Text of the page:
Here, the Lancashire Post looks at what we know, and what we are still waiting to find out, about Project Restart.
Why June 17?
The opening matches are games which had to be rearranged due to the League Cup final – Aston Villa v Sheffield United and Manchester City v Arsenal.
That will leave all teams having played 29 games, heading into the weekend of June 19-21.
How can I see the games?
There are 92 Premier League matches left to play in total, and because fans cannot attend they will all be televised.
Four of them will be on the BBC – the first time Premier League games will have appeared on terrestrial television since the competition began in 1992.
Sky Sports will screen 64 matches, with 25 of them made available free to air via their Pick channel.
BT Sport will not bring any of its 20 matches from behind the paywall, but is offering customers a 50 per cent bill credit to their monthly subscription.
Amazon has not yet confirmed details of its offering, but there are four matches unaccounted for by the other broadcasters.
Will there be anything new to look out for?
Sky and BT Sport have talked about “digital innovations” in announcing football’s return. It has been reported that viewers may be able to watch games with crowd noise added, while broadcasting inside dressing rooms has also been mentioned though not yet confirmed.
When will games be played?
The intention appears to be to stagger kick-off times as much as possible, except perhaps where starting matches at the same time will be required for reasons of sporting integrity – for instance, if relegation is not decided heading into the final round of games.
What are the kick-off times?
Monday and Friday night games will kick off at 8pm. Midweek matches on Tuesdays, Wednesdays and Thursdays will be played in 6pm and 8pm slots.
On Saturdays games will take place at 12.30pm, 3pm, 5.30pm and 8pm, while the Sunday times are 12pm, 2pm, 4.30pm and 7pm.
Do we know which games will be on which channel?
The full list of fixtures, and who will screen what, has yet to be confirmed.
What we do know is that Sky will make the Merseyside derby available free to air on Pick on the first weekend back.
What issues are still to be resolved in the Premier League?
Where games will be played remains up in the air. Five matches are initially set to be played at neutral venues at police request, plus any game where Liverpool could clinch the title.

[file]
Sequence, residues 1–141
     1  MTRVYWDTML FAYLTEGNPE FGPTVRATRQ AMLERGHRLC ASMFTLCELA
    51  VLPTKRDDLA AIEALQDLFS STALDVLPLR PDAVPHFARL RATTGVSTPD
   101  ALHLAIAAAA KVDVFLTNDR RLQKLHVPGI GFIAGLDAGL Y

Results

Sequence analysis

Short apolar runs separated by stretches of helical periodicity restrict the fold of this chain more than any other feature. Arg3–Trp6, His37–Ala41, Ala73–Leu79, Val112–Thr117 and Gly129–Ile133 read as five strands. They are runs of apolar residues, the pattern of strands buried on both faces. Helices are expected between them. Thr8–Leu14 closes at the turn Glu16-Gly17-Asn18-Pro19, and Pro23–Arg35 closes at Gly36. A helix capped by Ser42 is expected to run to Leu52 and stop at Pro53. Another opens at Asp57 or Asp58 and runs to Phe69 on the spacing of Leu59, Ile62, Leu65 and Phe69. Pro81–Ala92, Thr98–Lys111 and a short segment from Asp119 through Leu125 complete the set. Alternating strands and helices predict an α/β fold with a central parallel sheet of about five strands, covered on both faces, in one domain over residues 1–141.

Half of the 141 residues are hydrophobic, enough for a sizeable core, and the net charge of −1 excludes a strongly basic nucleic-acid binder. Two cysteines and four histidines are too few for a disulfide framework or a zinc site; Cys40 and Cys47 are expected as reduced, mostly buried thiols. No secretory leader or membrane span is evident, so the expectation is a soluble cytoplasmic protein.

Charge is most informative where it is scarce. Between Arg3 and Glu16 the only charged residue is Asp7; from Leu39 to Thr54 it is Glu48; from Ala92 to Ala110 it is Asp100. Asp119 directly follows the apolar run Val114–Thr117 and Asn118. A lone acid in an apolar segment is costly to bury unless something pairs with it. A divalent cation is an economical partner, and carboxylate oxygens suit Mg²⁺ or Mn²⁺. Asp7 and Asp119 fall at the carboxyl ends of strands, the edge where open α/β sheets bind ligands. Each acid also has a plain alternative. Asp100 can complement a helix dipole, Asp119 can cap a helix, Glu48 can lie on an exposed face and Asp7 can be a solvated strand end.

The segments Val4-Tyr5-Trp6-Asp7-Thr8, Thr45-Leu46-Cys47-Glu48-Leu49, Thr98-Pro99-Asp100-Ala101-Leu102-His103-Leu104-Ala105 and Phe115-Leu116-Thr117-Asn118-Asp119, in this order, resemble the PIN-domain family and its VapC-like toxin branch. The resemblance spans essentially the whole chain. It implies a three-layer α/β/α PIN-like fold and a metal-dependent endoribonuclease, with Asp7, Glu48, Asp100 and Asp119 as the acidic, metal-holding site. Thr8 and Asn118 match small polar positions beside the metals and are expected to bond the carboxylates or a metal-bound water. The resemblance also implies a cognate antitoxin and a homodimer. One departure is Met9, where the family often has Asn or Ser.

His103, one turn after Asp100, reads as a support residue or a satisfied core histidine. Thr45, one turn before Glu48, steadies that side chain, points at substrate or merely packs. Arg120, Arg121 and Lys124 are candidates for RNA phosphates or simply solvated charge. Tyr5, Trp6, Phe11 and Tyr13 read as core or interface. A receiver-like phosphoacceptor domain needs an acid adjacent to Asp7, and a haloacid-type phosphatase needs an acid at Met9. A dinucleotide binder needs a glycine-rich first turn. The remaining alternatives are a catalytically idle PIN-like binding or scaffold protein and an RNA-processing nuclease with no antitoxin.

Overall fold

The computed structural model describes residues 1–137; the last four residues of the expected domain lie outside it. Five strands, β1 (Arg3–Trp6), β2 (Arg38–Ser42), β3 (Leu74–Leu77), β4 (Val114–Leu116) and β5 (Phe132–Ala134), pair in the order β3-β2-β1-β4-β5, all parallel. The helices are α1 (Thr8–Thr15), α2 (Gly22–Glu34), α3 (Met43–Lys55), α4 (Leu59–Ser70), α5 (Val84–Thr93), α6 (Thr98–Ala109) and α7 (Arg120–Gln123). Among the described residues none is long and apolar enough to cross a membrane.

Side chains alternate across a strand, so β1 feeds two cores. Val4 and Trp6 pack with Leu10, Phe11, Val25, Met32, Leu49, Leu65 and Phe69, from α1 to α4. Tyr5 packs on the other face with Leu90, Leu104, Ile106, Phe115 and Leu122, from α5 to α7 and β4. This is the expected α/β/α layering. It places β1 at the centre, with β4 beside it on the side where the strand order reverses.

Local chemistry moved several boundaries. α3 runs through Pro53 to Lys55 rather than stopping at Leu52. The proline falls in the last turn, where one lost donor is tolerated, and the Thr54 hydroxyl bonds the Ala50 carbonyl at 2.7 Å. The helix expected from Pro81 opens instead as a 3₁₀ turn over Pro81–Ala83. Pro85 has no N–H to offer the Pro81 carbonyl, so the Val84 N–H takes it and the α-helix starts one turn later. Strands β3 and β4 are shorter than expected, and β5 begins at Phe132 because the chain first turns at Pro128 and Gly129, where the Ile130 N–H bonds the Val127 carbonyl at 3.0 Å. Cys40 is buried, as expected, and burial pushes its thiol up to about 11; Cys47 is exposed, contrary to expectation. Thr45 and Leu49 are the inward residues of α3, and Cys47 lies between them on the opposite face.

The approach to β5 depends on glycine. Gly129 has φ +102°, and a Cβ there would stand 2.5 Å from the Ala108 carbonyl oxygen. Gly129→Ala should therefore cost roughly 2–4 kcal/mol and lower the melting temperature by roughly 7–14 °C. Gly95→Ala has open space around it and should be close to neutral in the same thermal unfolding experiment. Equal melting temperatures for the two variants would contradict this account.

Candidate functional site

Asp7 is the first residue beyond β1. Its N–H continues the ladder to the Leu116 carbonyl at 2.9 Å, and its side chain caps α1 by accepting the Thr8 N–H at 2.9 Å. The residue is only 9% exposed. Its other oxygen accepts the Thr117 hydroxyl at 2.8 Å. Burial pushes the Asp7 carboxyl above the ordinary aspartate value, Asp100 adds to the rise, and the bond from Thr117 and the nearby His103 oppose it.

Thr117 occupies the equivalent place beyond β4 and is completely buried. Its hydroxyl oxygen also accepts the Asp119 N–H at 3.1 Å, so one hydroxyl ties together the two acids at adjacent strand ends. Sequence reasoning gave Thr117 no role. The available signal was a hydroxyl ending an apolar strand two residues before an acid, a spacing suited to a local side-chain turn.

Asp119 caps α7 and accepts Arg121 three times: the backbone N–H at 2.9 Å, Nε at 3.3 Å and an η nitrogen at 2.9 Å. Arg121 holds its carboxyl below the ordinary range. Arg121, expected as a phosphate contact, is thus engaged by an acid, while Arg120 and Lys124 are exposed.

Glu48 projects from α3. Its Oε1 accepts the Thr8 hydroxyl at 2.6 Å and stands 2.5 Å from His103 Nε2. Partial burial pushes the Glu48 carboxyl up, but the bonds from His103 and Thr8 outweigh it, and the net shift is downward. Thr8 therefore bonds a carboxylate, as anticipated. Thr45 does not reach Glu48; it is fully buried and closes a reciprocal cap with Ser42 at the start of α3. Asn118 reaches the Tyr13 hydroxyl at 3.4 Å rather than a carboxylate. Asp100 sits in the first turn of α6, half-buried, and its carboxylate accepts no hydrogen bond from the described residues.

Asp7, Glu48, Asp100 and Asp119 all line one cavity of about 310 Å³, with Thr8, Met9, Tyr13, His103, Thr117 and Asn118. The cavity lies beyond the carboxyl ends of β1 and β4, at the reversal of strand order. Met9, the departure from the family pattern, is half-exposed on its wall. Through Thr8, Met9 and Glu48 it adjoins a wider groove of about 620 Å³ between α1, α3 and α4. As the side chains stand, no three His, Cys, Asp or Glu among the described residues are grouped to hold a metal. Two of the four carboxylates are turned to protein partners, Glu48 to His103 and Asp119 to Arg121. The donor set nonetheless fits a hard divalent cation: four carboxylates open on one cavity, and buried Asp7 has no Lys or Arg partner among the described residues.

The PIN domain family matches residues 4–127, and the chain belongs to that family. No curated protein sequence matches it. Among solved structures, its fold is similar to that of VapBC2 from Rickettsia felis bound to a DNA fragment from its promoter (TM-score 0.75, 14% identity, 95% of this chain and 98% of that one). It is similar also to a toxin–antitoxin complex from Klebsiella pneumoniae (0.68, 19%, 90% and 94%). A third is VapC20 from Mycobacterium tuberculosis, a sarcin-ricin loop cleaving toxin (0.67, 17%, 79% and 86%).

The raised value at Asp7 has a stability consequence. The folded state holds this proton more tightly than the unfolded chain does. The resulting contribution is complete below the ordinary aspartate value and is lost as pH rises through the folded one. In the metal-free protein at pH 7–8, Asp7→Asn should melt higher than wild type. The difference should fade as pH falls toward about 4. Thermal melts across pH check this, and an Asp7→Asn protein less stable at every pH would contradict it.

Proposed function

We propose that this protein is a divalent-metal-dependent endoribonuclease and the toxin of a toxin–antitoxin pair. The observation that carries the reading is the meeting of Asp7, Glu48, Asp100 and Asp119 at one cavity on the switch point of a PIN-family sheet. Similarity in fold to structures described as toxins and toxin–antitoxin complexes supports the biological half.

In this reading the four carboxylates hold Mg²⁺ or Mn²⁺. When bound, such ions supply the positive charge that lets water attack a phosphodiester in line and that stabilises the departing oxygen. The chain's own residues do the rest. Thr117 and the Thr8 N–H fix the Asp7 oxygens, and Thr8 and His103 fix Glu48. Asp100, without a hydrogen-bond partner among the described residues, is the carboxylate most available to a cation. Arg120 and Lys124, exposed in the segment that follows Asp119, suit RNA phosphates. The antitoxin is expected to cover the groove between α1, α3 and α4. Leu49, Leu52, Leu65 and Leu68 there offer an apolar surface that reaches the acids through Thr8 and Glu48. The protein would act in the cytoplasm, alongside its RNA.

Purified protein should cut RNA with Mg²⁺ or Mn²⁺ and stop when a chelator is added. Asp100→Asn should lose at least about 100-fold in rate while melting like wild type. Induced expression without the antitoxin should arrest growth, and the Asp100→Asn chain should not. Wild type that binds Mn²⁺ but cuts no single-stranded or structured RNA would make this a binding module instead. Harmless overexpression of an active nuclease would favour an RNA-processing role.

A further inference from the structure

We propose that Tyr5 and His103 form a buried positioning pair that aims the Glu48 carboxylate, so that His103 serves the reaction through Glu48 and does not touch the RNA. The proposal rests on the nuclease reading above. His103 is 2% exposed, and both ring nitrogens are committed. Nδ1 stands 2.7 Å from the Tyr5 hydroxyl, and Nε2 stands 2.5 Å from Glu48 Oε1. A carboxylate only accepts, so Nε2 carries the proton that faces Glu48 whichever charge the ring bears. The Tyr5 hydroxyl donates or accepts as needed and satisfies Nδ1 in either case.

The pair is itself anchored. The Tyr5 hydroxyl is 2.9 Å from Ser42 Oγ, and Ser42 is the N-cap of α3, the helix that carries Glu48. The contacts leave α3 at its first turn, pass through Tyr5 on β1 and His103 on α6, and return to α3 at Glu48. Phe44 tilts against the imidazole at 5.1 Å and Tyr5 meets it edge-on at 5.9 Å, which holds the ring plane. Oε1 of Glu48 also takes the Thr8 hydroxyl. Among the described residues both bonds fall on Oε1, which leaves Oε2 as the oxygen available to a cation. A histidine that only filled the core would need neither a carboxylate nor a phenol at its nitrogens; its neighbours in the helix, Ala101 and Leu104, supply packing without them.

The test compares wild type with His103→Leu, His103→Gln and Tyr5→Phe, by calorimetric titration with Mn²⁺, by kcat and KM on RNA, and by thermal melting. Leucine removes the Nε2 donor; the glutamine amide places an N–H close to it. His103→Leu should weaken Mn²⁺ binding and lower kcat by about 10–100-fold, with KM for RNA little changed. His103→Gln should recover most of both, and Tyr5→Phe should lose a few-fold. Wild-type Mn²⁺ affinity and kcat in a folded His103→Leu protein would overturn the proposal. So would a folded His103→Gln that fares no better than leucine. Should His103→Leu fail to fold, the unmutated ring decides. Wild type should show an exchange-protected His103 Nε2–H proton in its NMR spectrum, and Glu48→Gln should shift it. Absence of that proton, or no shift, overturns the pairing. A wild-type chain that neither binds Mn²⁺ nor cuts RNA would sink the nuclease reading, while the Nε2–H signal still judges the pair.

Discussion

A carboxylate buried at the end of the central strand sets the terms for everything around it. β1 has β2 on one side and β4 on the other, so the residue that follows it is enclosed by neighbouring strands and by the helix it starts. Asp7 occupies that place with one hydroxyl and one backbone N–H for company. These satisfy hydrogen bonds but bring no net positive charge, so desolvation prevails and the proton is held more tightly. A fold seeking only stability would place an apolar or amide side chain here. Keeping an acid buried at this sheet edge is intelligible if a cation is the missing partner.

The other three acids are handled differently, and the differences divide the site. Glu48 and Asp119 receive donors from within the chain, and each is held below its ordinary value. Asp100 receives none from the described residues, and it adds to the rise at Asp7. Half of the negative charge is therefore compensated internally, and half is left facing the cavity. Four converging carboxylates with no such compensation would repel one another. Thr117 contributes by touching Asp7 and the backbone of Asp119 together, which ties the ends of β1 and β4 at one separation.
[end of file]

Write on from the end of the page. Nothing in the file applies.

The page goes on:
Clubs will have to chew this over when they gather for their next meeting on June 4, and decide whether the obvious impact on the integrity of the competition is worse than the financial fallout of ending the season early.
Is there anything else to be decided?
Clubs must agree a curtailment model, in the event that the season has to be suspended again.
It has been reported that clubs came down in favour of an unweighted points per game formula being applied, which would tie in with the request from UEFA, European football’s governing body, to decide leagues forced to end early on sporting merit.
What’s happening with the FA Cup?
The Football Association announced on Friday that the quarter-finals are provisionally due to be played on June 27 and 28, with no decision yet on whether the ties will be home and away or at neutral venues.
The semi-finals will take place on the weekend of July 18 and 19, with the final scheduled for August 1.
What about the other English professional leagues?
Championship clubs returned to small group training on Monday and have indicated a desire to play on, and will be targeting a return to action next month.
There is set to be an EFL clubs meeting on June 8 to vote on a framework for ending the season. League Two clubs have indicated their intention to curtail the season, with League One still undecided, but they will not be able to hold formal votes until June 8 at the earliest.
And in Scotland?
The 2019-20 Scottish Professional Football League season has been ended.
All training is currently suspended until June 10 at the earliest, with a meeting taking place on Friday between Scottish government representatives and national sports governing bodies to discuss return-to-training protocols. In normal times, the Scottish domestic season begins with League Cup action from July.